If it’s been a few years — or several decades — since you studied Greek mythology, you might be nervous about attending “The Penelopiad.”
Fabrice Conte-Williamson, who is directing the drama at the University of Wisconsin-Parkside, said audience members who don’t know their “Odyssey” from an “Iliad” should have no fear.
“The themes of the drama are pretty well introduced,” he said. “This is intended for a broad audience and doesn’t get into too many details.”
“The Penelopiad” is based on a novel by Margaret Atwood (of “The Handmaid’s Tale” fame) and tells roughly the same story as “The Odyssey” does — but from the point of view of Penelope.
In the original story, she is “the faithful wife, patiently waiting at home for her husband Odysseus to return,” Conte-Williamson said.
But, as is typical of Atwood’s works, Penelope may not be the meek, loyal wife as portrayed by Homer.
Conte-Williamson chose this drama due to his love for Greek mythology, along with a chance to “hear an unexpected narrative perspective.”
By flipping the focus of the story from the male hero Odysseus to his wife back at home, the drama “celebrates hearing from people we don’t often hear from in literature,” Conte-Williamson said. “People in power have always had a platform, but other voices have not. This is a chance to tell a different story.”
Delaina Kuzelka, a junior theater arts major at UW-Parkside who plays the role of Penelope, echoes his comments on elevating the voices of women and marginalized communities.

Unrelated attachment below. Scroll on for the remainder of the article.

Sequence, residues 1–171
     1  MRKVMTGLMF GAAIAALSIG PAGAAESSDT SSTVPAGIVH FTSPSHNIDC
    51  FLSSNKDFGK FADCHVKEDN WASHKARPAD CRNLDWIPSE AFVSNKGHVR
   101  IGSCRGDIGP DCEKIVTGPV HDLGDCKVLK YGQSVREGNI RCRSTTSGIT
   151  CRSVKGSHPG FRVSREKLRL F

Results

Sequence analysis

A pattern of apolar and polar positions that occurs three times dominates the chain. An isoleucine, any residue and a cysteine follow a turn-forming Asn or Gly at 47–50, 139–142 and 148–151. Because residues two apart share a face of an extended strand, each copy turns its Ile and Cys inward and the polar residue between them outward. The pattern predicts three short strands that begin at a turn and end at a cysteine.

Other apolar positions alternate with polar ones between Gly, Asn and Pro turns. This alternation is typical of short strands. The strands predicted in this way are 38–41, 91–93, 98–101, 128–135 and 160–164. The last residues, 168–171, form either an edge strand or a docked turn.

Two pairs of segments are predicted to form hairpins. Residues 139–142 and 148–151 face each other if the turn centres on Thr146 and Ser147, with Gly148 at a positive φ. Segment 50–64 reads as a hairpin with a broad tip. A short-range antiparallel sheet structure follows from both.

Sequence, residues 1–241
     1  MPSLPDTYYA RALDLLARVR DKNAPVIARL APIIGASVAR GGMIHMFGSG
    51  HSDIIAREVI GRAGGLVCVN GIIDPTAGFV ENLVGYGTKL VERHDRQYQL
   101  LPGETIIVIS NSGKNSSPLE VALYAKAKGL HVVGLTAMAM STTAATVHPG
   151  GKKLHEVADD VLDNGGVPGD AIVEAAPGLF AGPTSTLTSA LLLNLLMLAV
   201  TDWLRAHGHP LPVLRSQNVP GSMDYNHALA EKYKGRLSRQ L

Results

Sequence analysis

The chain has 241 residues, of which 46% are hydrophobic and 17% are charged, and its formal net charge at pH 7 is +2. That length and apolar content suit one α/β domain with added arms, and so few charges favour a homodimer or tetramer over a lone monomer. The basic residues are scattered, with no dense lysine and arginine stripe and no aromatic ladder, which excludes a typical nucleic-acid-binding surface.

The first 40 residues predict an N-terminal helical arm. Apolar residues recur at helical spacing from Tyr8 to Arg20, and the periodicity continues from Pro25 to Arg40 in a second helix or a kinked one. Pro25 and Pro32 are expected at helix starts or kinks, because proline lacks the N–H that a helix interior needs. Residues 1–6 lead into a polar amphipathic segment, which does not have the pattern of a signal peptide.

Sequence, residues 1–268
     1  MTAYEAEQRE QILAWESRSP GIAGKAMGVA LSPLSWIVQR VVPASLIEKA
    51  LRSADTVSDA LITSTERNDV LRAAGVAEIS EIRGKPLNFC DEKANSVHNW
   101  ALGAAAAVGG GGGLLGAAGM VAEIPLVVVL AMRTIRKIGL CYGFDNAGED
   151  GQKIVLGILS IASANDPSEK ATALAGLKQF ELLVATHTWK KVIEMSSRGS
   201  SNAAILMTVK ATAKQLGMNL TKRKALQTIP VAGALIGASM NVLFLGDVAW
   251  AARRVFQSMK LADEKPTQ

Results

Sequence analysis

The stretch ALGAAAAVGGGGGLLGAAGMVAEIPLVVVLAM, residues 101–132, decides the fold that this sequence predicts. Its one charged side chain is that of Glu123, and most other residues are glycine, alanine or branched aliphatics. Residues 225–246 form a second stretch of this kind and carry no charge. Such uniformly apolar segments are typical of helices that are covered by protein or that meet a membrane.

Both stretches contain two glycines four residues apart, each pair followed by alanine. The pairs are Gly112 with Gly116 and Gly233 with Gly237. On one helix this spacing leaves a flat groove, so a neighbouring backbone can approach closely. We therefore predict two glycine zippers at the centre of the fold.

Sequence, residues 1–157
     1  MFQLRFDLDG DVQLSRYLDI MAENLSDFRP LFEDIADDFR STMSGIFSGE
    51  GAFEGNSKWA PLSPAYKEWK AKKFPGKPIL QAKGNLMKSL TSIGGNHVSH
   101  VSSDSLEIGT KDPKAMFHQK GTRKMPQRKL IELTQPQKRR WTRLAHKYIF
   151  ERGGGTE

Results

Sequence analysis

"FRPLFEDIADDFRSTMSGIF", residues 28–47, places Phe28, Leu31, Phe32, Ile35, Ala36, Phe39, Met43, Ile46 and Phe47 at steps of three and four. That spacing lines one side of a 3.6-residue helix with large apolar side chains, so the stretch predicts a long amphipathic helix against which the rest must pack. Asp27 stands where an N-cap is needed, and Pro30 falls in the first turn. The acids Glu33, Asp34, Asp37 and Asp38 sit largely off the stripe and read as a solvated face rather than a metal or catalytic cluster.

“The show was entirely developed as a collaborative, creative effort and features original music, singing and movement,” Kuzelka said. “It is like nothing else we’ve ever presented on our stages.”
Also featured in the story is a Greek Chorus made up of Penelope’s 12 maids.
“We get to hear their perspectives, too, which is so rare in Greek mythology,” Conte-Williamson said. “The chorus members play all the characters in the story.”
Casting for the “maids” is flexible, Conte-Williamson said, with the UW-Parkside production featuring seven women and six men.
A lot of the cast, he said, “are first-year students. This is a great opportunity for them.”
One key feature is the play's music.
The text contains lyrics for songs performed by the Greek Chorus, in styles including a ballad, a sea shanty and even a kids’ jump-roping song.
“The maids sing and dance in the show,” Conte-Williamson said. “Kevin Gray, a faculty member who does our sound design, wrote the music for the lyrics. He’s wonderful and composes music so quickly for us.”
This production also offers the chance for what TV series call cross-promotion.
“English students here study ‘The Odyssey,’ and they are coming to see the show,” Conte-Williamson said.
The production is a collaborative project, Conte-Williamson said.
“The students are taking on a lot of roles, in addition to their roles on stage,” he said. “We have original music and original choreography. We have a student in charge of the props and another one doing the lighting design. It’s been a great challenge for the students. A lot of artistic freedom can be scary, but that’s also how the students develop skills.”
When asked why someone should come to this production, Conte-Williamson offered several reasons.
“It’s free, it’s live and it’s a fun show,” he said. “It’s not a tragedy at all and will be an engaging night at the theater. As they say, that’s entertainment.”